FST Media: Diversity is crucial to inspiring any innovation environment; what is more, being able to nurture that diversity in a traditionally homogenous industry is key. How does Stone & Chalk seek to promote a diverse ecosystem amongst fintechs and the organisations with whom you work?
Tsen: Again, looking at the data, it is reflective of the overall start-up landscape. If we look at the fintech EY census, about 20 per cent of founders in the fintech ecosystem are female. At Stone & Chalk, we take that really seriously in terms of understanding the role we play in the ecosystem is an important one in promoting diversity.
Internally, a majority of our leadership team at Stone & Chalk is female. We promote diversity through events and through the support of our organisations. We’re very conscious that it’s an important issue. The most important thing that we can do as an organisation is to show leadership internally, and we do that really strongly by making sure that as an organisation we are incredibly diverse.
The industry, of course, has a long way to go; there’s no doubt about that. But we’re doing our bit to make sure that we’re helping with that diversity.
FST Media: We’re just a few months away from Open Banking’s pilot launch in Australia. What do you feel are the opportunities and challenges presented to start-ups from this new regime?
Tsen: Speaking broadly, I think it’s going to be one of the most impactful regulatory changes we’ve seen in financial services within the last decade. It will have a massive impact on industry; though, it’s going to take time for it to filter through and have that impact.
Recently, we’ve seen that Open Banking legislation that was set to pass not pass. There is a real risk that Open Banking will again be delayed, and that is unfortunate.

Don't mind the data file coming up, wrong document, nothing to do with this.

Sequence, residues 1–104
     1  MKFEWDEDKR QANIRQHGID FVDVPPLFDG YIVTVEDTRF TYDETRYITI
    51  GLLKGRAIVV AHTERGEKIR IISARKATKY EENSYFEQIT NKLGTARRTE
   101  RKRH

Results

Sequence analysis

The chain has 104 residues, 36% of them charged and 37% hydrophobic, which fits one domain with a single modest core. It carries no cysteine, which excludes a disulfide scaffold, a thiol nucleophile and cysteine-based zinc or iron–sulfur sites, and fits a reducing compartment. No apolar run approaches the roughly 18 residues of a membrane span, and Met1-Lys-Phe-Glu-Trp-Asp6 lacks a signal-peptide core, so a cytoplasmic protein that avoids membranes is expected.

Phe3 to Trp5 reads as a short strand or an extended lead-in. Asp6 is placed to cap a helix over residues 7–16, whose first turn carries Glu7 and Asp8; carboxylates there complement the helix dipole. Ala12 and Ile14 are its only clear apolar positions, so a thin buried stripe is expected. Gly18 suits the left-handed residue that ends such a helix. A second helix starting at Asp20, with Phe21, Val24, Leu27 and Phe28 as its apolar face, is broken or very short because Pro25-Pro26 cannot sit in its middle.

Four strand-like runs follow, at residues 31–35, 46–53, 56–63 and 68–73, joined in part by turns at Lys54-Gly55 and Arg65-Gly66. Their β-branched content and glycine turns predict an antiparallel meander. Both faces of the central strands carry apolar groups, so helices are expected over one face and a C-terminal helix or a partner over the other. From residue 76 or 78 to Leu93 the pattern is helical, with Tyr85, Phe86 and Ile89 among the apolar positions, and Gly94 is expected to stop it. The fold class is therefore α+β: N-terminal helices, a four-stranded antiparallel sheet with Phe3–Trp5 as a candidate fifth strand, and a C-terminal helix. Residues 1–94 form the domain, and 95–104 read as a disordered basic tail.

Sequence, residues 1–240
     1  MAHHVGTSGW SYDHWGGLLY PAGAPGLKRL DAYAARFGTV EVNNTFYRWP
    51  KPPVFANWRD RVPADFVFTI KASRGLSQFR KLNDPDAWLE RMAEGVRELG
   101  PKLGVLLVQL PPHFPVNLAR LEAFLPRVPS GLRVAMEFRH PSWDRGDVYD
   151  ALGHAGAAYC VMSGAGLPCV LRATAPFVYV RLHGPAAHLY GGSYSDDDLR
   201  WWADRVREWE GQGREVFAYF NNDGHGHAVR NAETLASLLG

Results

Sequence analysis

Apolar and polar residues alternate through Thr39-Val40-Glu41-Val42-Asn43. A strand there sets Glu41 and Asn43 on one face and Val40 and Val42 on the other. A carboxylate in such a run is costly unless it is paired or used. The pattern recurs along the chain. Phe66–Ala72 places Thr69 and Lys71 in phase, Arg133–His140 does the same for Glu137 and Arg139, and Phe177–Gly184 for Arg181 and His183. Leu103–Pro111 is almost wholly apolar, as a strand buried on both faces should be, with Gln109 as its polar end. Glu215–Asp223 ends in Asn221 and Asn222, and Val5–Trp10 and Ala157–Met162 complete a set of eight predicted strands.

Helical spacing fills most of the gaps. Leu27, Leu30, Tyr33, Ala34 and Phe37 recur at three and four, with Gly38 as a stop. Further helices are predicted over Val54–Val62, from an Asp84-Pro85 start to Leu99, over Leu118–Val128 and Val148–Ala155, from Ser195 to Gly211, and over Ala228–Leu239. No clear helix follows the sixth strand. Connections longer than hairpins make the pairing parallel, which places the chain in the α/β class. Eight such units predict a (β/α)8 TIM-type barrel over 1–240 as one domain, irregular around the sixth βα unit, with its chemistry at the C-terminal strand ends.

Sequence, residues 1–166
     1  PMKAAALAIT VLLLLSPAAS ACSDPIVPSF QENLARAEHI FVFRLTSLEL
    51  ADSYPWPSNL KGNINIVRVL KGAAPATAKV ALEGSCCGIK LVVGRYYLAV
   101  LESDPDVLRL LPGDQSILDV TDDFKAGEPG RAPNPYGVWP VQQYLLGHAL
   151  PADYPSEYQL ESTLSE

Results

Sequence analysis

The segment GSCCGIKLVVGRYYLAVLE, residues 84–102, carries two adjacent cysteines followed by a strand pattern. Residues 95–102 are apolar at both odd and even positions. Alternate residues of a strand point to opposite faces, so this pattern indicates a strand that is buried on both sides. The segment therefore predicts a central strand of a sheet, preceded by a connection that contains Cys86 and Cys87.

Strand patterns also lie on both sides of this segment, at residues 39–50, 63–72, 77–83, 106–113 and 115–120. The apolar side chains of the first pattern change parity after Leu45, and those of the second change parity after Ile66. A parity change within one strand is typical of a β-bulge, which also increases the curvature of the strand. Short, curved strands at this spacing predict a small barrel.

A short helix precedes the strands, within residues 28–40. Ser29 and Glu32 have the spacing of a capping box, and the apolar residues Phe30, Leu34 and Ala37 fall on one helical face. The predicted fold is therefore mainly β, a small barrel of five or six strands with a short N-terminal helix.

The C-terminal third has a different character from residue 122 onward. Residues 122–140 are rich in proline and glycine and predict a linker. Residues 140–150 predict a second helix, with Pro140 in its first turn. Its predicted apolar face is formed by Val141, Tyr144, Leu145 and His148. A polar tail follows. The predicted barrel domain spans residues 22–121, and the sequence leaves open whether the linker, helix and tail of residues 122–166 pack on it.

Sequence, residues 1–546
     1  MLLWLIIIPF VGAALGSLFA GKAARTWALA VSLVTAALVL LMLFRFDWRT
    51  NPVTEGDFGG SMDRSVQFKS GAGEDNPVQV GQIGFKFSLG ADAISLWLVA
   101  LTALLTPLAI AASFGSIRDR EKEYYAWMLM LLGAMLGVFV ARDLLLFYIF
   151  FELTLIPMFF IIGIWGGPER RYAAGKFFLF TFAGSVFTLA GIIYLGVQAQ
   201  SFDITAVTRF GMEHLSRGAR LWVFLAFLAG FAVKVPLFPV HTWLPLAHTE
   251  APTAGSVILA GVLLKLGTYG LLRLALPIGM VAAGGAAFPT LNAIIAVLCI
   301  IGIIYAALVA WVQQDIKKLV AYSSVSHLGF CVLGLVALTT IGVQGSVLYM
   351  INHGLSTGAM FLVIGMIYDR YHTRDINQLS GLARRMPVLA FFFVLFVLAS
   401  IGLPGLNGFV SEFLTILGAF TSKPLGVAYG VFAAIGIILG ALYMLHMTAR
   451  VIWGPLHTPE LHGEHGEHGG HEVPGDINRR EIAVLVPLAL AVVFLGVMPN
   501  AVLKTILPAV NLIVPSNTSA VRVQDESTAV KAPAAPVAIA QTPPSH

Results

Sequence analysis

Importantly, though, when we speak of Open Banking, what we really mean is the ‘Consumer Data Right’ (CDR), a point that was addressed in Scott Farrell’s Open Banking Review.
What Australia has done is completely different to the UK. In the report commissioned by Treasury, the treasurer envisaged a regime that was ‘beyond banking’. While the first port of call may be banking – and hence why it is referred to as ‘Open Banking’ – the ‘consumer data right’ regime will then move to incorporate the energy sector and a host of other industries, meaning we will have an economy which allows free-flowing data – something completely different to what we’ve seen in the UK, where now they’re trying to grapple with how do we open up to other sectors.
Open Banking may be the first cab off the rank, but it will be one of many. So, it’s important to look at it not only from an Open Banking perspective but also from an open data regime perspective; that’s what I feel the power of the CDR will be – to open up data across a number of industries and become incredibly impactful because of that. It’s that multiplicative effect of having data across banking, energy, telecommunications, insurance and government; there’s a huge array of opportunity around making that data available to businesses. Of course, there’s still a long way to go; we haven’t even got one shot off yet and, unfortunately, we’re still waiting for that shot to go off.